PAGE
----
Open Content

Time-to-Adoption: Two to Three Years

The movement toward open content reflects a growing shift in the way academics in many parts of the world are conceptualizing education to a view that is more about the process of learning than the information conveyed in their courses. Information is everywhere; the challenge is to make effective use of it. Open content embraces not only the sharing of information, but the sharing of instructional practice and experiences as well. Part of the appeal of open content is that it is also a response to both the rising costs of traditionally published resources and the lack of educational resources in some regions, and a cost-effective alternative to textbooks and other materials. As customizable educational content — and insights about how to teach and learn with it — is increasingly made available for free over the Internet, students are learning not only the material, but also skills related to finding, evaluating, interpreting, and repurposing the resources they are studying in partnership with their teachers.

Relevance for Teaching, Learning, or Creative Inquiry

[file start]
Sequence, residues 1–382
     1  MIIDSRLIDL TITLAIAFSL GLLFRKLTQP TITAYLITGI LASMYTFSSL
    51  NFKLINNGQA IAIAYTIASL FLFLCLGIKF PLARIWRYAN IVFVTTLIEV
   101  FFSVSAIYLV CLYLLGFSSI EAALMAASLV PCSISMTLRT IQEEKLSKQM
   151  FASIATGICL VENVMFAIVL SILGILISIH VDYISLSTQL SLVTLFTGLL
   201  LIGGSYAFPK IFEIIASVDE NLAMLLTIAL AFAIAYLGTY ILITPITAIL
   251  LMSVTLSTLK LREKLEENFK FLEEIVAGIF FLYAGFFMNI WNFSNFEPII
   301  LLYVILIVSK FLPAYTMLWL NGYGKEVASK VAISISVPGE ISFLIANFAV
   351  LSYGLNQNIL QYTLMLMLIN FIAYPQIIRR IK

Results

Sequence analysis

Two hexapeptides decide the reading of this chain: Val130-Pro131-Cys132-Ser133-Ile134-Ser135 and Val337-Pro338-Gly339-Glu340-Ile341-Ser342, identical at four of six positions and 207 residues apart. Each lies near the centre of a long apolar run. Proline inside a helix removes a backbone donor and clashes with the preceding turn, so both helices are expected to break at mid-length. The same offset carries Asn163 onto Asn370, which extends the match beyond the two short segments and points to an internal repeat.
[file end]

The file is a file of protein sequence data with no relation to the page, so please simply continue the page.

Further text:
• The use of open content promotes a set of skills that are critical in maintaining currency in any area of study — the ability to find, evaluate, and put new information to use.
  • The same set of materials, once placed online and made sharable via the appropriate licensing, can inform a wide variety of learning modalities, not the least of which is learning for the sheer joy of discovery.
  • Sharable materials reduce teacher workloads as they do not need to be recreated from scratch.

In Practice

  • The Open High School of Utah is an online charter high school that leverages next-generation learning technology and strategic one-on-one tutoring to provide students with significantly better learning experiences:
  • The K12 wiki project Curriki is an example of extensive open content that has been provided through a network of education partners for use by educators and students:
  • Thinkfinity is a project by the Verizon Foundation to put many K12 education resources online for free access by students and teachers:
  • Google sponsors the Google Code-in content expressly for K12 students around the world:

For Further Reading

An Open Source Platform for Internet-based Assessment
(Grunwald Associates, LLC., 2010.) This report extensively covers the use of open source platforms as a cost-effective and efficient way to conduct assessment. The study also includes results from numerous interviews and sampling efforts.

Curriki’s : Open Education and Policy
(Jane Park,, 5 August 2010.) This post is an interview with the Cristine Mytko who is the lead science reviewer with the open source wiki project Curriki. The interview discusses the role of Curriki and open content policy in K12 in education.

How To Get Started with Open Source in K-12
(Natasha Wanchek,, 15 July 2010.) This article explores how K12 schools can integrate and use open content. A number of experts in the area give examples of ways that schools can embrace this form of content.